Show Trials

How Property Gets More Legal Protection than People in Our Failed Immigration System

Non-Fiction - Gov/Politics
272 Pages
Reviewed on 01/18/2012
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Author Biography

Peter is an intellectual property lawyer and founder of One LLP, a preeminent copyright, patent, trademark, and entertainment boutique in Southern California. He is also an adjunct professor of law and Law Lecturer at the University of California, Irvine School of Law where he teaches a federal appellate clinic that takes pro bono immigration appeals.

Peter has received awards for his pro bono litigation efforts, including the 2002 Public Counsel "Advocate of the Year" Award and the 2006 USC Paul Davis Memorial Award. Some of the cases in Peter's book "Show Trials" were cases that he received these awards for

Peter is also the author of the Annual Book Chapter "Copyrights, Trademarks, and Patents" for the University of California in one of its treatises. He has regularly published articles in local and national law magazines, and he regularly speaks to groups of artists, musicians, and business-people on intellectual property law.

Peter is heavily involved in local community work. He is a Founding Director of the Rock School Scholarship Fund, a 501(c)(3) dedicated to helping children in financial need attend Rock Music Schools and an organization that has been supported by renowned rock musicians. Peter was also the 2010-11 President of the Federal Bar Association of Orange County, a former member of the Board of Directors of the Legal Aid Society of Orange County from 2001-05, and a Board Member of the Democratic Foundation of Orange County from 2004 through 2009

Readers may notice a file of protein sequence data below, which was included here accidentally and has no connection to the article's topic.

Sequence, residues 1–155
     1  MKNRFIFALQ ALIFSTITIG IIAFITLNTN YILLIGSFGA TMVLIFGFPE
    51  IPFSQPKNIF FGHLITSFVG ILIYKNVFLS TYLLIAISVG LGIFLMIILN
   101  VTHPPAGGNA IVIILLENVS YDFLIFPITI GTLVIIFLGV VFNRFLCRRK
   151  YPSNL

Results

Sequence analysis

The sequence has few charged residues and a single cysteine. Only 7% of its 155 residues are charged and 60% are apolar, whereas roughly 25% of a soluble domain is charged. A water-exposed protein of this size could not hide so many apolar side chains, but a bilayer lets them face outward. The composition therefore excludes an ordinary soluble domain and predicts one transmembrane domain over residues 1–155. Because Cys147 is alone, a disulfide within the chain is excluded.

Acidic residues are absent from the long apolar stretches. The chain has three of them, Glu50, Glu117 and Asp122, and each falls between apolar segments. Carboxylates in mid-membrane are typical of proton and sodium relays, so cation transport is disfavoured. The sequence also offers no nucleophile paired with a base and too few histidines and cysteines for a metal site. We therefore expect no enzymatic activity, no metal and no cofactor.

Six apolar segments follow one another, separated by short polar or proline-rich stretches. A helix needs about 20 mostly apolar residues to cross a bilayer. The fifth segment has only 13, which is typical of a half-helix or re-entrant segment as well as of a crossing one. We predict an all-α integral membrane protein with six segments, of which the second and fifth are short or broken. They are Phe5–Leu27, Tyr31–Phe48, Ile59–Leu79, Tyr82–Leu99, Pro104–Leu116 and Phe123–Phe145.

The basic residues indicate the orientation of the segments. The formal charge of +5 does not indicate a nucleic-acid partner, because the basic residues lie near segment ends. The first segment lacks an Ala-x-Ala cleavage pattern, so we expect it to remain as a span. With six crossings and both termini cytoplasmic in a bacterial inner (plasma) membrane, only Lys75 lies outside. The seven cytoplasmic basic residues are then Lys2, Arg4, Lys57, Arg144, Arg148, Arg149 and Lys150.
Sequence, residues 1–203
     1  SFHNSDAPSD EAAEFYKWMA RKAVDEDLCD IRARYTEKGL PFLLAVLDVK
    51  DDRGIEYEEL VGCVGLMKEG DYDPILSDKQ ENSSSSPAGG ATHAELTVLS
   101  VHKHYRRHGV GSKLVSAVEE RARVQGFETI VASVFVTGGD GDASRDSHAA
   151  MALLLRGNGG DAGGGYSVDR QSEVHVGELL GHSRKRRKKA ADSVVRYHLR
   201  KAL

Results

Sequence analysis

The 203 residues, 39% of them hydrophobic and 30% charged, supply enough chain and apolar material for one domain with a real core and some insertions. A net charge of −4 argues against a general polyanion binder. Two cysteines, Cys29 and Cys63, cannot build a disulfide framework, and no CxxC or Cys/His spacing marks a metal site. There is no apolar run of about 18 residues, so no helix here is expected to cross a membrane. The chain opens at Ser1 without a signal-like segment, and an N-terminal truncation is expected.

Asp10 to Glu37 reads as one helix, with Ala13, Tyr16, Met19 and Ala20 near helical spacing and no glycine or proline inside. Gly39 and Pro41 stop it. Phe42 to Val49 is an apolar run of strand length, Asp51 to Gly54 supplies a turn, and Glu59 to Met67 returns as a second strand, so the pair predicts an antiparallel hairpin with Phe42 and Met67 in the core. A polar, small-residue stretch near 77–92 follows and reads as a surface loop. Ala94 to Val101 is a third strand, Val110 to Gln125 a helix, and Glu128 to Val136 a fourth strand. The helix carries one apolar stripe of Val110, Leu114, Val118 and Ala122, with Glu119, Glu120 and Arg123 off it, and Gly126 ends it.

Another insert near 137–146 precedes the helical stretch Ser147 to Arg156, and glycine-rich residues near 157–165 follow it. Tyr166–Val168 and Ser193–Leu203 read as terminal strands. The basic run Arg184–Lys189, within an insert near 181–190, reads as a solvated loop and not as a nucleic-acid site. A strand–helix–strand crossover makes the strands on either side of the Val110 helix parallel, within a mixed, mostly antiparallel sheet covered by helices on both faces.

Book Review

Reviewed by Brenda Ballard for Readers' Favorite

Author Peter Afrasiabi is an esteemed attorney who has witnessed many injustices, flaws and is frankly baffled by the differences between court systems. As a property attorney, things are cut and dried, equal and just. He sees the constitution being upheld as intended. When he trades to the immigration law arena, the regard for all that is true and fair goes by the wayside. Mr. Afrasiabi uses his own experiences -- true life case study -- to amplify the problem of property, a "thing", being protected better than human beings who are in harm's way. In a language that the common reader can understand, the author takes great strides to make the general public understand that there are holes in a system meant to protect and that something must be done to make it right. He uses Life, Liberty and Property as a solid platform to show us that our court system is somehow turned backward. In fact, our system will expend more energy saving a copyright than investigating the cause of an immigrant coming to our country illegally. Then, the same system that will bare its teeth to protect the ownership of say, a song, will deport the human back to a place where perhaps a death sentence awaits him due to crime or poverty.

I enjoyed this book very much as Peter Afrasiabi obviously writes from his heart, using his vast experience and own ethics as the guideline. He exposes the weakness of a system meant to protect. I applaud him for having the backbone to do so and sincerely wish him the best in all of his endeavors.